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Some of the nation’s largest banks sharing in the $700 billion government bailout of the financial industry tried to assure lawmakers Thursday they are using the money to make more loans and help financially strapped homeowners avoid foreclosure.

Barry L. Zubrow, chief risk officer with JP Morgan Chase, told the Senate Banking Committee that a portion of the $25 billion capital infusion it received from the Treasury Department was being deployed to “expand the flow of credit” and to assist with rewriting residential mortgages for up to 400,000 families.

Zubrow and executives with Goldman Sachs Inc., Bank of America and Wells Fargo & Co. told the committee that that none of the $85 billion they have received collectively from the government is being used to pay salaries or bonuses.

“The committee has asked whether (bailout) funds would be spent on executive compensation,” said Jon Campbell, regional banking president for Wells Fargo & Co. in his testimony. “The answer is no. Wells Fargo doesn’t need the government investment to pay for bonuses or compensation.”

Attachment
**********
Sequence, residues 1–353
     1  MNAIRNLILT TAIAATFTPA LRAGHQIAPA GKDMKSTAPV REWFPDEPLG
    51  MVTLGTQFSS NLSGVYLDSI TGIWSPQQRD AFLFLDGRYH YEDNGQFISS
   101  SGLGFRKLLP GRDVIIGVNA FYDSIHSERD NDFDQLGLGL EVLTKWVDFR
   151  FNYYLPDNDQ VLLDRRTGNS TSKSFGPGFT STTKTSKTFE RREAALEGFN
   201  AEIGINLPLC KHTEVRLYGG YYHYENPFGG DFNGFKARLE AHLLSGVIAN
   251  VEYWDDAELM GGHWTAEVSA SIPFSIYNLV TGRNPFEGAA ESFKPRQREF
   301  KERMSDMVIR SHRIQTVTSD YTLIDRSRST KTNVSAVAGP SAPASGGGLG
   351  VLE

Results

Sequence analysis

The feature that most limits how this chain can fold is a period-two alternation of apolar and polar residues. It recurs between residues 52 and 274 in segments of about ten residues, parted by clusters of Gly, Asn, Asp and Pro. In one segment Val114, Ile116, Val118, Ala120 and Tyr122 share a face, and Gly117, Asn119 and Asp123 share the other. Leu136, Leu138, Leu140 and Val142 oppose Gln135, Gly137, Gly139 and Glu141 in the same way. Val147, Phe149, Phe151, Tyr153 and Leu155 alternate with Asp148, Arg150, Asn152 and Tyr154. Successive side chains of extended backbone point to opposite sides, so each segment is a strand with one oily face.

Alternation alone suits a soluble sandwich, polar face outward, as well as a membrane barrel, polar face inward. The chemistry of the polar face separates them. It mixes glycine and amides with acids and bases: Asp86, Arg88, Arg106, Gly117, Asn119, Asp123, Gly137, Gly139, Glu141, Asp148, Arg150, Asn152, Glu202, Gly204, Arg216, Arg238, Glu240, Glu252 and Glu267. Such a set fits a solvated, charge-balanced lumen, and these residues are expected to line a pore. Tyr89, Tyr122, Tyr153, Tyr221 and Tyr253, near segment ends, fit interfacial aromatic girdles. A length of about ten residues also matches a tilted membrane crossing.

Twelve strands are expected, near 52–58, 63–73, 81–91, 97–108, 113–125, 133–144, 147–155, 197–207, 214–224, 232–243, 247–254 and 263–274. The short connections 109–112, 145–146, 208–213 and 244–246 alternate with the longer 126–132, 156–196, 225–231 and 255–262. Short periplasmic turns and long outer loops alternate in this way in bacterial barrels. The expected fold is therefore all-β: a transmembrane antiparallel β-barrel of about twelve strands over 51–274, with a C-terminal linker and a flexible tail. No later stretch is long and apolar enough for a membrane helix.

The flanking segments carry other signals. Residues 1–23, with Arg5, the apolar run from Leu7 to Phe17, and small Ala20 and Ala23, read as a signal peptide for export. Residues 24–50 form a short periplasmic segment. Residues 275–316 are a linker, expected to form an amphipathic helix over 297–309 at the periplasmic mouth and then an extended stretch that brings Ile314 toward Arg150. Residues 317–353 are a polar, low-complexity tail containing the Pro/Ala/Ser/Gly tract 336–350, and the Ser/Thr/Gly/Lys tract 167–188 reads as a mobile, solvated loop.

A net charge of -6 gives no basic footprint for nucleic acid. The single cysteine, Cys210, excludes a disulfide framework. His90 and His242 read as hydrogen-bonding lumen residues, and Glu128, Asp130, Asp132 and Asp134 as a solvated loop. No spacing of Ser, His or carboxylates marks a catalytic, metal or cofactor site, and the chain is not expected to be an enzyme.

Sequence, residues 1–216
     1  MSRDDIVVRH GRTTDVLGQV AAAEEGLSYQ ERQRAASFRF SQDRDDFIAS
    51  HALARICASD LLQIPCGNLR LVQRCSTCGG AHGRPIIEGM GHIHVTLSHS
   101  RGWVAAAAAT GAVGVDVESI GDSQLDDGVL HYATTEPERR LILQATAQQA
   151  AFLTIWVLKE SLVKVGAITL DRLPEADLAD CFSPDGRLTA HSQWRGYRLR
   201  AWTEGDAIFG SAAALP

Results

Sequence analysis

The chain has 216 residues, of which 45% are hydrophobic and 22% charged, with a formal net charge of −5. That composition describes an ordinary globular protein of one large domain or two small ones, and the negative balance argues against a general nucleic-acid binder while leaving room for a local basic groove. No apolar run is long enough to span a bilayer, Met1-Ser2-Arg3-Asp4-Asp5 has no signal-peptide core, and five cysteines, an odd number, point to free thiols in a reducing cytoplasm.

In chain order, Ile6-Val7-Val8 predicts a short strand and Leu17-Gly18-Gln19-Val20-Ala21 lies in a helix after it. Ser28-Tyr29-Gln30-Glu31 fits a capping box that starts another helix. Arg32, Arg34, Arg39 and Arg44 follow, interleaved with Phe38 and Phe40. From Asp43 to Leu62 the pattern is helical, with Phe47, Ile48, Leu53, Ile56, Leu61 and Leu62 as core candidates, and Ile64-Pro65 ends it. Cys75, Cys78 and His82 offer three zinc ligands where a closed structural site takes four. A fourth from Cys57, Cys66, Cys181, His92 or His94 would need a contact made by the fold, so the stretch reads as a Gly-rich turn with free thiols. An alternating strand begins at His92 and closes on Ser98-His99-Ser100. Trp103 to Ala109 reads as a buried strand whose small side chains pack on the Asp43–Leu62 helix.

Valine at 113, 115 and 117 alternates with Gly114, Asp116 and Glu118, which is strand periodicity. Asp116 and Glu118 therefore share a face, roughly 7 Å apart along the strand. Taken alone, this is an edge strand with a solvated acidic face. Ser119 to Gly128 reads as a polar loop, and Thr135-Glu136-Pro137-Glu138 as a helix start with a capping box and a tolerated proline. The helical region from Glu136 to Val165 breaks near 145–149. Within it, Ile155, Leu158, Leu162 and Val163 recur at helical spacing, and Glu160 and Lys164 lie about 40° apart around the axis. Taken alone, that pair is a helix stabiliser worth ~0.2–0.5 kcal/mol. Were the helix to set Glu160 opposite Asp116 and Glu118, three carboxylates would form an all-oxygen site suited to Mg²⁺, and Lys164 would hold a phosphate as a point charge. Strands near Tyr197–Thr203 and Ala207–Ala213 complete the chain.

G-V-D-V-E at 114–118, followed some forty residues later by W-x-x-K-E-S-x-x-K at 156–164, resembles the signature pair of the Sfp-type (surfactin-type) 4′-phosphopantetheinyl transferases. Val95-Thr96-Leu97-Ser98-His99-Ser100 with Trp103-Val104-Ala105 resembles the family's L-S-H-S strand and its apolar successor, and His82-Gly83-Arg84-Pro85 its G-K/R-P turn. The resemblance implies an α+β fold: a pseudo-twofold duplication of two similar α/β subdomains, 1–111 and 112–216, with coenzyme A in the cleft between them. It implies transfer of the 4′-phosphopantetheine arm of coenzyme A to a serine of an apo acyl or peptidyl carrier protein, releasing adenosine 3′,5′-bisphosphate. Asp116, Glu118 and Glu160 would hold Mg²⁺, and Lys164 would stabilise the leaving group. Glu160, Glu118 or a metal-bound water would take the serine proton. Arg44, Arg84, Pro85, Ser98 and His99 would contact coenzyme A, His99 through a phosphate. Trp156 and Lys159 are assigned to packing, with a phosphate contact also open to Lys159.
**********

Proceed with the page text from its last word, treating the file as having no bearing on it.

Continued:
Despite the reassuring words, lawmakers pressed hard for commitments to more lending.

“Let me say as clearly as I can,” said committee chairman Sen. Christopher Dodd, D-Conn. “Hoarding capital and acquiring healthy banks are not — I repeat are not — reasons why Congress authorized $700 billion in emergency funding.”

Sen. Charles Schumer, D-N.Y., said he and other lawmakers are looking at requiring banks to make more loans as a condition for taking part in the $350 billion second half of the bailout. “Any new capital injections must come with tougher requirements,” he said.

Treasury has already loaned out or committed $290 billion of the first half. Democrats are working on a bill they hope to pass next week that would devote another $25 billion to the beleaguered auto industry, with the specific intent of helping General Motors Corp. avoid bankruptcy.

Sen. Tim Johnson, D-S.D., said he was alarmed by reports of continued generous compensation packages and benefits for executives of companies getting bailout funds, as well as dividend bailouts to stockholders equal to more than half the bailout money they are getting.

“The intent of the bailout was to stabilize troubled financial institutions and help those businesses and individuals and Main Street affected by the credit freeze,” said Johnson. “Those making the decisions on how to spend the $700 billion, and those receiving the funds, must remember this intended use.

Congress can block release of the second $350 billion. It can also rewrite the law to put new conditions on its use.